Over the next weeks, Evan tried to make jokes to lift Elaine’s distress. None of them worked, and finally he stopped jesting altogether. But despite every attempt he made to make her smile, he still held back the truth of what he was doing.
The truth was deadly earnest. By the time he’d found a seat in the hall at Hanover Square before Lady Stockhurst’s lecture, he was feeling the cost of the last two weeks of frantic work. He’d written letters, found couriers, and gone in person to speak to more than half a dozen men.
He’d had to. He understood too well how Diana operated. His cousin had planned for her evening of entertainment to be a stunning success. It started with a scene from the Pickwick Papers, performed by the Adelphi Theater. The acting was crisp and believable, the characters expertly portrayed. There followed a concerto by Mendelssohn for piano and violin, and a short intermission for light refreshment. It would end with a performance by the famed soprano, Giulia Grisi.
Lady Stockhurst, sandwiched between these shining lights, seemed to serve all too clear a purpose: she was to be the comic interlude. As she started, she did seem to fit that role. She’d had great star-charts made, showing the course of the planets and the placement of her comet in the night sky. She spoke with great animation; her exuberance overcame all ladylike boundaries. She ended her talk with an impassioned speech on the course of the stars, predicting a return of the heavenly visitation in twelve years’ time.
One either had to laugh or applaud…and when she finished, no applause was forthcoming. Instead, when she asked for questions, the audience sat in near-silence as if not sure how to react. The next few seconds would be crucial.
“Lady Stockhurst,” a woman said in the front. “I could not help but notice that your presentation included calculations that are traditionally left to gentlemen. As a lady, have you ever considered that perhaps you are unsuited to such work?”
It could have been worse. Still, across the hall from him, Evan could see Elaine tense. Her chin lifted, as if she were daring the world to speak ill of her mother. He felt his own heart contract, as if he were flinching from the pain she might receive.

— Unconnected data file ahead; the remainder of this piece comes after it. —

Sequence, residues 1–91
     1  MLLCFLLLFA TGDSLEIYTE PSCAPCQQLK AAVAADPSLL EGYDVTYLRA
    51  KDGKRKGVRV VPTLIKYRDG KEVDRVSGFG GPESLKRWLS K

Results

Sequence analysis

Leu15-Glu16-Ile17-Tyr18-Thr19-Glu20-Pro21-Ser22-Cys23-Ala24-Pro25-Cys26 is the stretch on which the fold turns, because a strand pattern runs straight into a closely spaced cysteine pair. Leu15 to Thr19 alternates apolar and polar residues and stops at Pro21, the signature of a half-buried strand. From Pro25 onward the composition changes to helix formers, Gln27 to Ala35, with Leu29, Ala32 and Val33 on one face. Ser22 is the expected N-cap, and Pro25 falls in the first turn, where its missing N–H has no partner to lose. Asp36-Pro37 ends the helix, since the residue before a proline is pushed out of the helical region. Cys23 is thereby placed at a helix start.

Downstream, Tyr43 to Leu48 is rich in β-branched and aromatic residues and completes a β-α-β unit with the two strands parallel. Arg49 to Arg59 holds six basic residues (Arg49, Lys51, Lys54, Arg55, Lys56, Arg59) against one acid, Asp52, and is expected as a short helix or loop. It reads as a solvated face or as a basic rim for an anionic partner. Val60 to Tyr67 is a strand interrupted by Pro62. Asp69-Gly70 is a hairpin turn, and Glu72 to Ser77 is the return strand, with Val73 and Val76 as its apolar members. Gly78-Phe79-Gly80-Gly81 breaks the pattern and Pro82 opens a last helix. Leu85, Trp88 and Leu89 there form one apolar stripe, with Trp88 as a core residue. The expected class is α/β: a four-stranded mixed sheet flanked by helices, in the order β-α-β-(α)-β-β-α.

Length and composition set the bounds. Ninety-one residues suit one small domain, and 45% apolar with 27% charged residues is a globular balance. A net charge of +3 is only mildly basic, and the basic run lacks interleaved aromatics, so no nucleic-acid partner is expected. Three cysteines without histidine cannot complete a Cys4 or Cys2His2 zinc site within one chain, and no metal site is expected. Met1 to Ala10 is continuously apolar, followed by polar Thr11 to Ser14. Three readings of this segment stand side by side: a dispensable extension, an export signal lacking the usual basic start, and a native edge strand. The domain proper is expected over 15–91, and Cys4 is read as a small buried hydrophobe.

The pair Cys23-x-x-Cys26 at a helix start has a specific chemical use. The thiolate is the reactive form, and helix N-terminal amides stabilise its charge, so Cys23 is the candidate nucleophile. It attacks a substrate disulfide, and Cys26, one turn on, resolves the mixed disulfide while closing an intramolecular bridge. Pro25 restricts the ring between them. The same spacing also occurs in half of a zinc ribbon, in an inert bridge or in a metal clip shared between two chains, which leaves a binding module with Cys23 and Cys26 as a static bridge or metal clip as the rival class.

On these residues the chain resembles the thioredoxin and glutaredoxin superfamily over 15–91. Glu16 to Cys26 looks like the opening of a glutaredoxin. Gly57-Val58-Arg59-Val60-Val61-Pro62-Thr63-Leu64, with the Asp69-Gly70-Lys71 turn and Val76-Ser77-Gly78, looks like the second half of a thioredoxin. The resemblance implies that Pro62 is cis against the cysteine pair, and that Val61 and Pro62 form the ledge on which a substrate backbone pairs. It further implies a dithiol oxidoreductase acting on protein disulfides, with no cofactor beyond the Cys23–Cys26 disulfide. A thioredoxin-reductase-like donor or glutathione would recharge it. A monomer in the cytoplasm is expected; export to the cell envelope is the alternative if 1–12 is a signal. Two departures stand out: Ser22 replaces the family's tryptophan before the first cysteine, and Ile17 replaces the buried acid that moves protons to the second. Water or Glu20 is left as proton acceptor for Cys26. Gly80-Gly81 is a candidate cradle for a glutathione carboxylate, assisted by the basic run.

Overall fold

Lady Stockhurst, however, simply frowned at the woman in confusion. “No,” she said tersely. “Next?”
A low titter swept the room. Evan had himself prepared a few queries. But he’d hoped that he wouldn’t have to intervene. After all, if the rest of his plans did not come to fruition, his solitary efforts could hardly sway a crowd this large.
He couldn’t pinpoint when he had started feeling this way, but now that it had been going on for these many months, he would personally take on every man and woman in the room just to win a smile from Elaine. It was stupid and pointless…and utterly inevitable. It had nothing to do with making amends any longer. He didn’t want her hurt; it was that simple. At his side, his hand curled into an involuntary fist.
“Lady Stockhurst?” A man stood in the back of the room. Evan had never seen him before—at least, not in person. But he’d seen a portrait of the fellow. Slowly, his hand unclenched.
The man was older, perhaps of an age with Lady Stockhurst herself. His face was thin and framed by short, unkempt hair that was beginning to go gray.
Lady Stockhurst beamed.
He fumbled with some papers in his hand, unfolding them, and then looked about the room. “I’ve not yet had the pleasure of reading your work myself, Lady Stockhurst, but my aunt saw an early copy of your monograph, and asked me to convey t
o you her appreciation for your meticulous work.”
“Oh.” Lady Stockhurst rubbed her nose in puzzlement. “But I’ve not given copies of my work to anyone, not except…” Her eyes darted to the left and fell on Evan. Evan tried not to smile.
Two rows away, Diana stirred. Over the last months, they’d continued to talk—but their relationship had become strained. She wouldn’t talk with Lady Elaine, she wouldn’t apologize—and he half suspected that she’d designed Lady Stockhurst’s part in this evening’s entertainment as a way to prove to Evan that she wouldn’t change her mind.
“Nonetheless,” the older gentleman was saying. “I have some correspondence from her.”